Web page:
Bangladesh’s Risky Gambit
Secular Bangladeshis have expressed concern about a recent government decision to incorporate certain changes to textbooks that appear to Islamisize the public school curriculum. Noting the government’s nominally secular ideology, observers have warned that “a dark political calculation” may be behind the move. At issue is whether the government of Bangladesh, in its attempts to curb militancy, is trying to de-fang extremist groups by making certain concessions that make it harder to frame the government as somehow “anti-Islam.” A new report adds more evidence that the government of Bangladesh may be pursuing a risky strategy of defusing Islamist extremism by giving Islamists more space to shape the society.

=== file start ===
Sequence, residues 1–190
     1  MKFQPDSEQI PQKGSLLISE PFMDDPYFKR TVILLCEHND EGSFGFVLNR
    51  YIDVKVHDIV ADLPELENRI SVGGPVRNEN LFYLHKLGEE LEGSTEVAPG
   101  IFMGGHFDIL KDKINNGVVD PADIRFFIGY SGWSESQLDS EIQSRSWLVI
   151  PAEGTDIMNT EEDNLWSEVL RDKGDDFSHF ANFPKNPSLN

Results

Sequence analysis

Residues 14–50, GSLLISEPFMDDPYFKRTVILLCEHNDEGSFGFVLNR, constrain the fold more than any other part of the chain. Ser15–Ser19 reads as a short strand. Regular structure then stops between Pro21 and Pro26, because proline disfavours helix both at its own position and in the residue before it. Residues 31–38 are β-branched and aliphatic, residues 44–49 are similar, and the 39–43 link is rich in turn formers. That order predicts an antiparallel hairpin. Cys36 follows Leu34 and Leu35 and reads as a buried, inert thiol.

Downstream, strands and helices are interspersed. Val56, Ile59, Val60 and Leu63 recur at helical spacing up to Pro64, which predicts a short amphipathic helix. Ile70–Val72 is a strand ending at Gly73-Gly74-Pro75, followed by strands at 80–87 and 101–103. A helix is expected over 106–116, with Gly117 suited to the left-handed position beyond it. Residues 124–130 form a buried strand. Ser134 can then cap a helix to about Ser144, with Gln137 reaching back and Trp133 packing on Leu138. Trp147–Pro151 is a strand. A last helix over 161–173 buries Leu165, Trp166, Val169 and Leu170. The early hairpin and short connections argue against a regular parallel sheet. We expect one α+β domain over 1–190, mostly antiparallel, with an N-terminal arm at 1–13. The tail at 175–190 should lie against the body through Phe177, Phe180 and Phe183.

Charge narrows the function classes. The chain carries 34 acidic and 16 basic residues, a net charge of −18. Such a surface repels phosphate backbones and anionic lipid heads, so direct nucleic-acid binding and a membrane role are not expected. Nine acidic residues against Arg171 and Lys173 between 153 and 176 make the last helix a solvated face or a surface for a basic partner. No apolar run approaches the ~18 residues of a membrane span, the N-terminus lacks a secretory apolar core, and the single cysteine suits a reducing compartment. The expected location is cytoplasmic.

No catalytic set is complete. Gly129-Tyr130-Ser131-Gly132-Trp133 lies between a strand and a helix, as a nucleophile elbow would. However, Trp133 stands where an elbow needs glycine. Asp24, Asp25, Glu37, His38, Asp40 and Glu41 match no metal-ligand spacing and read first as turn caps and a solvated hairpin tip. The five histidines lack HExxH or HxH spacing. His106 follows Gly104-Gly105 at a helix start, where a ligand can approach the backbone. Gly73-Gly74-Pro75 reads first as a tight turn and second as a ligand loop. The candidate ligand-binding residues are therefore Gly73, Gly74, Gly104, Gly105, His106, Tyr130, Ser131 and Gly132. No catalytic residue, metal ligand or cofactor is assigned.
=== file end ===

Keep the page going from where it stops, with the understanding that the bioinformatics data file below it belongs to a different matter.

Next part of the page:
At the recent National Imam Conference in Dhaka, Prime Minister Sheikh Hasina reiterated calls on Muslim scholars to help guide people away from militancy and terrorism – an important message. However, she then went on to assure the clerics that her government is working to spread Islam in Bangladesh, including by increasing the number of mosques and Islamic cultural centers funded by Saudi Arabia.
Bangladesh is already over 86% Muslim, with the number of non-Muslims shrinking as Hindus are leaving out of concern for their safety. It is unclear what exactly the government’s motivations are, but combating militancy by empowering Islamist groups and entering the business of proselytization risks making the country’s problems with religious extremism worse, not better.